What book(s) do you recommend people read around Christmastime?
I would recommend experiencing Christmas rather than reading about it. Let the workflow lag and allow the marvelous protective fog of the holiday protect you from the everyday. Get off the screens and the twatter and talk to those around you and take an active interest in their lives. But since even Christians have lost a sense of Advent and what Christmas is about, read what is perhaps the most beautiful book ever written: The Gospel of Luke. It gets right to the reason for the season. Or do yourself a favor and buy the best-selling Jesus of Nazareth: The Infancy Narratives by Joseph Ratzinger, otherwise known as Benedict XVI, and have a smart Pope explain it to you in a new light. Leo the Great's Christmas sermon is only a click away, as are those by St. Augustine, St. John Chrysostom, and St. Thomas Aquinas. Far better than anything you will likely hear if you go to church these days, which you should—even if only out of curiosity or some vague sense that it's the right thing to do. And, if you must, while it may be taken as cliche by the cool kids, The Lion, The Witch, and The Wardrobe by C.S. Lewis is very much a Christmas story. Guys like J.R.R. Tolkien used to write highly regarded Christmas stories for fun instead of tweeting ironic poses.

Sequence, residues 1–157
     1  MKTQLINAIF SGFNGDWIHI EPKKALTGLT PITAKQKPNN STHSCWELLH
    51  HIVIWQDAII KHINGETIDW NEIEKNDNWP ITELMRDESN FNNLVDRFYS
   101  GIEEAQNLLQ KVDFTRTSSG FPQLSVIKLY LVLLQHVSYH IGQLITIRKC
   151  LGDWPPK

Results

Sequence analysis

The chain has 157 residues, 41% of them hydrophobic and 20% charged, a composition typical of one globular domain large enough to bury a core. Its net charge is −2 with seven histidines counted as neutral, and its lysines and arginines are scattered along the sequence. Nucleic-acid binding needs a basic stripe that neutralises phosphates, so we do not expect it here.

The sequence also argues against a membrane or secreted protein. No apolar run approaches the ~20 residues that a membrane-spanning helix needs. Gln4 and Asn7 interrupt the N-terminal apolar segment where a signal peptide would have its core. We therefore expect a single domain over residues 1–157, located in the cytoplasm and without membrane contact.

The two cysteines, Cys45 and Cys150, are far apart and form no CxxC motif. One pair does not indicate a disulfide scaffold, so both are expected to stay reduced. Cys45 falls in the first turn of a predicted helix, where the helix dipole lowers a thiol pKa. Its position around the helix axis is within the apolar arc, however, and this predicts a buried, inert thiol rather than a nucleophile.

-Matthew Peterson, founding editor of The American Mind
Charles Dickens’ A Christmas Carol takes the cake. But read the text, don't substitute with a film version. You will find this short work to be both witty and, at times, profound. A Christmas Carol suffers because of its over-familiarity. What's at play is actually something deeper.
I recently did, with friends, a podcast on this short work that you can access here.
-David Bahr, managing editor of The American Mind
One must read ghost stories at Christmas. I don’t make the rules. I don’t even totally understand this one, but I follow it religiously—I can’t deny there is just something about a ghost story at Christmas. If you haven’t tried it, do so this year and thank me later. There’s a reason why Dickens told the Christmas story he told, and why it strikes such a nerve: there is of course an element of the supernatural at Christmas, and contemplating the chill of the unknown while you huddle by the fire with a cozy beverage (mulled cider for me, please) creates a delicious contrast that can’t be beat. Tuck into some M.R. James (“Oh, Whistle, and I’ll Come to You, My Lad,” e.g., but any good collection of his is a treasure trove) or read the originals upon which the “Haunting Of” Netflix series is based: The Haunting of Hill House, by Shirley Jackson, and The Turn of the Screw, by Henry James. There are other classics of the genre, but those ought to get you started. Don’t go for gore: it’s boring and tawdry. Go for the shiver down your spine that will creep up on you at unexpected moments, whispering to you of things in heaven and earth beyond your philosophy. Enjoy!
-Spencer Klavan, associate editor of The American Mind